Lukesland Gardens

I feel very lucky to have friends with friends with amazing gardens. Last weekend I stayed with John and Lorna Howell, owners of Lukesland in Devon.

Lukesland 2 Arthur Road Landscapes.jpg

The garden covers around 26 acres of woodland, streams, arboreta (there's more than one), rhododendrons, azaleas, wild flowers and a kitchen garden.

Lukesland 1 Arthur Road Landscapes.jpg

The garden was started by the Matthews family in the 1860s, followed by the McAndrews in the 1870s, but has been tended to and developed by the Howell family since the 1930s.

Lukesland 7 Arthur Road Landscapes.jpg

The garden has become known for some of its "Champion" trees, which means they are the oldest, tallest or with the largest girth in the county or country. The high level of rainfall, acidic soil and mildish climate makes it ideal for Camellias, Rhododendrons, Azaleas and Magnolias.

Lukesland 8 Arthur Road Landscapes.jpg

.I was told the Rhododendrons were past their best by the end of May but they still looked pretty good to me. However, this is prime Azalea flowering time, the reflections in some of the ponds were particularly stunning, better than the Isabella Plantation I think.

Lukesland 3 Arthur Road Landscapes.jpg

For me the streams and ponds are the highlight of the gardens. Addicombe Brook tumbles through the garden over cascades and Dartmoor granite rocks. It's not without hazard though as floods in recent years have washed away paths, bridges and sculpture and silted up ponds. They've been rebuilt and restored and you'd never know there'd been such devastation.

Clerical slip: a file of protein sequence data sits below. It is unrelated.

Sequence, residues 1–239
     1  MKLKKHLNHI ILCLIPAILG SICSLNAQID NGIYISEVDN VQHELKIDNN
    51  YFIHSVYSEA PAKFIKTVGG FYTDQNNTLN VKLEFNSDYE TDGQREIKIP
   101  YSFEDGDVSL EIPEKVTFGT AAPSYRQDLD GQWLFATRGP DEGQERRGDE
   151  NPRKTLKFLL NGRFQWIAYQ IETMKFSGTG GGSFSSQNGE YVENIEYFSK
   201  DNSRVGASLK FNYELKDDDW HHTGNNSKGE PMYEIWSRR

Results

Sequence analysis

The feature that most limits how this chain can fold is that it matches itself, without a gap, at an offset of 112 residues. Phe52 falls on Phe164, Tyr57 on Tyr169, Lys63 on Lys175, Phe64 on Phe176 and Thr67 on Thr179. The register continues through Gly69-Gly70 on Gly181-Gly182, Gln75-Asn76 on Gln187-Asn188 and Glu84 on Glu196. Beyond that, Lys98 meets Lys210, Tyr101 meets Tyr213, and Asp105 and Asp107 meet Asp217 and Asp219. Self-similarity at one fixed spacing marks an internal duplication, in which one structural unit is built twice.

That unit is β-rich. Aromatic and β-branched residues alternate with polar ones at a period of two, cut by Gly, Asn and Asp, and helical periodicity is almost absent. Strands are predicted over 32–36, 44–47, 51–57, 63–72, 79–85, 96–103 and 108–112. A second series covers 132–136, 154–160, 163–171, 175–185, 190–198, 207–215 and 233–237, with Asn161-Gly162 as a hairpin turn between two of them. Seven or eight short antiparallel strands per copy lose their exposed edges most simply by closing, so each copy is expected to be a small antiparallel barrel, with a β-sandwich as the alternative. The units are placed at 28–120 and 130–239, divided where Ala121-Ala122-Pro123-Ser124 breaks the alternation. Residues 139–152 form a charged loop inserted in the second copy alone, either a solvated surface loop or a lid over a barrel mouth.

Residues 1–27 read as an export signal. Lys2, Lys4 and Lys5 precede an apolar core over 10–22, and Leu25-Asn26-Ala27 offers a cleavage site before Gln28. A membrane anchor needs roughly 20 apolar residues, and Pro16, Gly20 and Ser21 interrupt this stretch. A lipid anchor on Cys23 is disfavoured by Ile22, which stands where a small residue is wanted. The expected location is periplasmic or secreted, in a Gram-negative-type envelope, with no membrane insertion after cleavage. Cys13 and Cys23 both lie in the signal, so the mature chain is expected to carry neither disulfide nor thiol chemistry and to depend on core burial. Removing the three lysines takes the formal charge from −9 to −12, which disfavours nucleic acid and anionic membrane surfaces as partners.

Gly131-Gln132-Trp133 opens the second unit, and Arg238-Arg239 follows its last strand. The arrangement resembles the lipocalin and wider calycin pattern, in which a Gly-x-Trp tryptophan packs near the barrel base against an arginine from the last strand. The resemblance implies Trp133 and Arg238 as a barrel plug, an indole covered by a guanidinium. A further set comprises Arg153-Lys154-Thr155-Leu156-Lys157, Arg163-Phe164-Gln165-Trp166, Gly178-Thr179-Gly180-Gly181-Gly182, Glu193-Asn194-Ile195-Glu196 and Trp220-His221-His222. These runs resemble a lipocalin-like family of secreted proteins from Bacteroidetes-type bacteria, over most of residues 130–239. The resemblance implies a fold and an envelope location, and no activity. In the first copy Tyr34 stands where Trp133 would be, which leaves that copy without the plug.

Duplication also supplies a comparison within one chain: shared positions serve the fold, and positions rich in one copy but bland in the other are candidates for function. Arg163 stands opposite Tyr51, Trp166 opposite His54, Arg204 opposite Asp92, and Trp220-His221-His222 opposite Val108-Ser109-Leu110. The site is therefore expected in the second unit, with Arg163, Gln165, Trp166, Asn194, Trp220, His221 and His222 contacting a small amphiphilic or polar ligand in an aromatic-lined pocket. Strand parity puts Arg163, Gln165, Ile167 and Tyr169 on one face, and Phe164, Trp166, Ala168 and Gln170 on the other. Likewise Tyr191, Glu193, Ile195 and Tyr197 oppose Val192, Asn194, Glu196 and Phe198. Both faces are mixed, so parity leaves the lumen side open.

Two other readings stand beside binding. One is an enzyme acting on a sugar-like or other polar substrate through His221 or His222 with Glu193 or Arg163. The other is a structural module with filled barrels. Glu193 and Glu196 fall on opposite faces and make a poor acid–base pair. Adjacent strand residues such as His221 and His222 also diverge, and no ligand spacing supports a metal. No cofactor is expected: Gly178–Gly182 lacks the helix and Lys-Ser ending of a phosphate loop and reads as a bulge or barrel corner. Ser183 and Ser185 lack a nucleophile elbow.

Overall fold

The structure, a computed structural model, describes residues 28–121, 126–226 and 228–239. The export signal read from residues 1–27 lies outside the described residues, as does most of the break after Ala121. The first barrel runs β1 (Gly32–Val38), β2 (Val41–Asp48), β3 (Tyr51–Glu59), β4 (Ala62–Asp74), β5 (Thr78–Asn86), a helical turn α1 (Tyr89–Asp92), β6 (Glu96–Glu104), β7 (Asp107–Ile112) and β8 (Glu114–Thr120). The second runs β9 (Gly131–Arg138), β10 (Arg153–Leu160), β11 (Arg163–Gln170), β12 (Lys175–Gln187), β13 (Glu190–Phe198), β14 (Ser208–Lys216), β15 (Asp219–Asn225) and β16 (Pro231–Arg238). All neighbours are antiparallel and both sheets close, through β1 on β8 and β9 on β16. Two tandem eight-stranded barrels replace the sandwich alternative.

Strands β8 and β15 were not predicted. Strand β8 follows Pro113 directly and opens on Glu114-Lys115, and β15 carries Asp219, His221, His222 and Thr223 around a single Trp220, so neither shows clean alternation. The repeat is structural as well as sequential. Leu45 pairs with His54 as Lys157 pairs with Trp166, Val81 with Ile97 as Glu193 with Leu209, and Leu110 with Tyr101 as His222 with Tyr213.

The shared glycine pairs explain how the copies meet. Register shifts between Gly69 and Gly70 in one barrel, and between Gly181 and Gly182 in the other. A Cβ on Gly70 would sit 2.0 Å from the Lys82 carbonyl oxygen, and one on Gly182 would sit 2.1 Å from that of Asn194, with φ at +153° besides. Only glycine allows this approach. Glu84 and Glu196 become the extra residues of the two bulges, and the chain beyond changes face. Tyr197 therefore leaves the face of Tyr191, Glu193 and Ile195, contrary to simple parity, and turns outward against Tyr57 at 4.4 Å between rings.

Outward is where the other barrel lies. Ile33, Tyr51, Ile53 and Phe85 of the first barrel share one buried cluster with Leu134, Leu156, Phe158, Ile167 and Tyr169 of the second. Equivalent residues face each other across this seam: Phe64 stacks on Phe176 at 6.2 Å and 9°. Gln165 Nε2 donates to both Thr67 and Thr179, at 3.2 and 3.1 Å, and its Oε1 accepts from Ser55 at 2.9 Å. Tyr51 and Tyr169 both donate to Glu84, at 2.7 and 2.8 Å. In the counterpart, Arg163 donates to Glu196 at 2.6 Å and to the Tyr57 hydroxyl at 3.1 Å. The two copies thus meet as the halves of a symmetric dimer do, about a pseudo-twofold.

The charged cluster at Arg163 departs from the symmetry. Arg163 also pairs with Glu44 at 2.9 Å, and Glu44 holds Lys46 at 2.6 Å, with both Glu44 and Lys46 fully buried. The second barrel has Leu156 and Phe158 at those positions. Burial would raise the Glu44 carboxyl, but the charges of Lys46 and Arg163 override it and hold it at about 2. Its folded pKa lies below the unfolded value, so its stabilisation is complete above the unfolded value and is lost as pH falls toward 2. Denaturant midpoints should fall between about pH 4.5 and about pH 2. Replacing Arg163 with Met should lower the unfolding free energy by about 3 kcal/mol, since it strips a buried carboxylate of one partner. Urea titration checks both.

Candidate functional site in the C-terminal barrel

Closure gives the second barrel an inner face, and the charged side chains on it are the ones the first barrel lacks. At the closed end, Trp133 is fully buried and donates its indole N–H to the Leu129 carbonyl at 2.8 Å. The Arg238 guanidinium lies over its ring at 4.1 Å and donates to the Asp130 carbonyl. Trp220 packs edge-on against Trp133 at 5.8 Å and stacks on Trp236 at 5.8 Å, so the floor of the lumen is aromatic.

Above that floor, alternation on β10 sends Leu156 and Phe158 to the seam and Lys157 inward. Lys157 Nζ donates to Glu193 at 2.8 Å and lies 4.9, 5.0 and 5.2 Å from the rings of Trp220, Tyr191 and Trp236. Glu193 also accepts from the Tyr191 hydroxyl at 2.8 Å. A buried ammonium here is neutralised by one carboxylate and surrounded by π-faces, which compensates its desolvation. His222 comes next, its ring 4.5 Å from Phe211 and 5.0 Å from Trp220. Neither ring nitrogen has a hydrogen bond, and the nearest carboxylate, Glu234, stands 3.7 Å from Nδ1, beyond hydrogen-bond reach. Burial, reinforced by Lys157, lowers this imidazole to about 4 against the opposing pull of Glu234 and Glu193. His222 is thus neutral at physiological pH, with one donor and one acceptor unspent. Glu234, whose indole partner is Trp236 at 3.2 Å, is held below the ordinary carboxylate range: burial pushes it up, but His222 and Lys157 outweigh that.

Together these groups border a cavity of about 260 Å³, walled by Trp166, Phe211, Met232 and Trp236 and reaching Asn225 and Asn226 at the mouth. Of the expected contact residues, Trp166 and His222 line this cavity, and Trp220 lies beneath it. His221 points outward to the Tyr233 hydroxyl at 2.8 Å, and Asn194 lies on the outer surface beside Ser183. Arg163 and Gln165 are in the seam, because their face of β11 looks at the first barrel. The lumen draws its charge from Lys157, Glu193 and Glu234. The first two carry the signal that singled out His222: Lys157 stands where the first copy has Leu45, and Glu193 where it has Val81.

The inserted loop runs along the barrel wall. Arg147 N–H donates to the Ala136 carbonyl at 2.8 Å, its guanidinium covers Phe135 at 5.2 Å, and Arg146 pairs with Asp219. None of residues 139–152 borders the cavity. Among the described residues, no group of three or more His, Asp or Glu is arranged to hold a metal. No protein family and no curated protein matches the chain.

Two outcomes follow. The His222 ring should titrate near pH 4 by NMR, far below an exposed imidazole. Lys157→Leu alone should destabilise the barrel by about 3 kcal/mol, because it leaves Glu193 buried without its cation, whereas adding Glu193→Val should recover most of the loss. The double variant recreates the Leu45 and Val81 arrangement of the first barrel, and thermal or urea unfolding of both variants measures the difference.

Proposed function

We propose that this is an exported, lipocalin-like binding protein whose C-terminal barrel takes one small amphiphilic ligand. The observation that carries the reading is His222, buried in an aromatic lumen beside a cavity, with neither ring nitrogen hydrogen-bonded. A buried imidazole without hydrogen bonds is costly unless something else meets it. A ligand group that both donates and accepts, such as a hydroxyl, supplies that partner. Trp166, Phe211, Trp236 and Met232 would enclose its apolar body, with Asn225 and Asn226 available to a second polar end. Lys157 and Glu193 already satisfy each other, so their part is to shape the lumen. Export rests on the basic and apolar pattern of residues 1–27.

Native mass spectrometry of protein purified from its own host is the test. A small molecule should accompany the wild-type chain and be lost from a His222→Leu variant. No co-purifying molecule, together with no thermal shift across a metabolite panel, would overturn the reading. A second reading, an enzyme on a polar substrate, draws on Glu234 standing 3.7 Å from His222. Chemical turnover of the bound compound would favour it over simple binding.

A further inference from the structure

Lukesland 4 Arthur Road Landscapes.jpg

The wild flowers are also particularly attractive. There are bluebells in the Beech wood and in the Pinetum where they flower in the open with grasses, and along the stream with Red Campion.

Lukesland 5 Arthur Road Landscapes.jpg

The dampness means plants like Iris sibirica, asiatic Primulas, Gunnera and ferns thrive here, as well as some of the trees like the giant coastal Redwoods from the USA.

Lukesland 6 Arthur Road Landscapes.jpg

Lukesland is particularly well known for its three large Davidia involucrata, also known as the Hankerchief Tree, which were flowering during my visit. Unfortunately none of my photos could do them justice but if you're in the area in late spring seeing them is worth a visit on their own.

Lukesland 9 Arthur Road Landscapes.jpg

Although the tea room was busy (and yes I can recommend all the cakes as I tried most of them whilst serving the tea...) the gardens are so large it's easy to find a quiet spot to yourself.

Lukesland 10 Arthur Road Landscapes.jpg

One of the advantages of staying overnight is the opportunity to get up at the crack of dawn and wander around on your own, although the weather conspired against me and I didn't quite get the mist and low sunlight I was hoping for. Next time maybe...

Lukesland 12 Arthur Road Landscapes.jpg

The gardens are only open in the spring and then again in the autumn as the foliage of the Rhododendrons, Azaleas and Acers is stunning I'm told.

More wildflowers at Lukesland Arthur Road Landscapes.jpg

This garden is maintained by Lorna and John, John's mother Rosemary (who runs the guided tours) and three very part-time gardeners. Hats off to them all.

Lukesland - http://www.lukesland.co.uk/Index.htm

You can rent a cottage in the grounds - https://www.helpfulholidays.co.uk/cottage/Devon-East-Anstey/The-Clock-House-976251.html

Many thanks to John and Lorna and Rosemary and Desna (and Rob..).